Raspberry leaf tea is well known for strengthening the uterus prior to childbirth,
and for relieving painful periods. It is also an effective and soothing remedy for ‘flu and fevers, helping reduce the aches and pains that go with them.
This tea is a good source of readily assimilated calcium and other minerals, making it a health-enhancing alternative to regular tea. Raspberries, especially wild ones, are very high in salvestrols, a class of cancer-fighting chemicals.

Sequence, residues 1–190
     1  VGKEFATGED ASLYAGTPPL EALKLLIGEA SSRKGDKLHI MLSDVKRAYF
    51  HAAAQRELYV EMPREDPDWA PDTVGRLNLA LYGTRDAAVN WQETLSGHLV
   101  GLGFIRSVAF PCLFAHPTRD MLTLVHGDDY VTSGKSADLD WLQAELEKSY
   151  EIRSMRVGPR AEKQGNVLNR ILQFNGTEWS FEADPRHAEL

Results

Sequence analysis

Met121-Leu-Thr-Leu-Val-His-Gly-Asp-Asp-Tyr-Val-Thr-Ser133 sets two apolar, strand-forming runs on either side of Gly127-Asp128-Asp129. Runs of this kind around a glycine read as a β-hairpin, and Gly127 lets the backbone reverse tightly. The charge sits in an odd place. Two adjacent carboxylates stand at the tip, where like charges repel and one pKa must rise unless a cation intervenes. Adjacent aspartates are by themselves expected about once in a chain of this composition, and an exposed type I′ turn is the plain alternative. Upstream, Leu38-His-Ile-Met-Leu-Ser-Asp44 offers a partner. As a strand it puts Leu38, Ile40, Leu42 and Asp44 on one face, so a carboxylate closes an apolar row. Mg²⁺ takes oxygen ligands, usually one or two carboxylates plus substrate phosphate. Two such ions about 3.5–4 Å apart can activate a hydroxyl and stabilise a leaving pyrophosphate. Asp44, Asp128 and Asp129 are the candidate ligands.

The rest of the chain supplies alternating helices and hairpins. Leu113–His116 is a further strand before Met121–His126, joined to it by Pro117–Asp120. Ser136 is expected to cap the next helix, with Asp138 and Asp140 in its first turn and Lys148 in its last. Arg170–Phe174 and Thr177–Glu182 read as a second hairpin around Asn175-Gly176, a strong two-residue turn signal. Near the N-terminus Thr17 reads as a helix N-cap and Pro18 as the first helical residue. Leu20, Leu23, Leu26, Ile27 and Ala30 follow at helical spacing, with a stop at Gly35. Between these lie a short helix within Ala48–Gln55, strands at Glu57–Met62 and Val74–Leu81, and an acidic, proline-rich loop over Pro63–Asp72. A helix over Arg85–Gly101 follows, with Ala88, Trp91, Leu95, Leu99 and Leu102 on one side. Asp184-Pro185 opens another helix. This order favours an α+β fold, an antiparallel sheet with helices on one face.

Description: A slender shrub, up to 2m high, with arching stems; less spiny and more delicate than blackberry canes. The leaves are a light green, and silvery underneath. The stems are bare in winter.
Habitat: Wild raspberries are often found growing with brambles along the edges of woods.
Distribution: Found throughout the British Isles and northern Europe, up to the Arctic Circle, and in much of Asia and North America.
Related species: North American red raspberry (R. strigosus) is used interchangeably with the European species. In China, Korean bramble (R. coreanus) fruit is used as a kidney and liver tonic.
Parts used: Leaves and berries.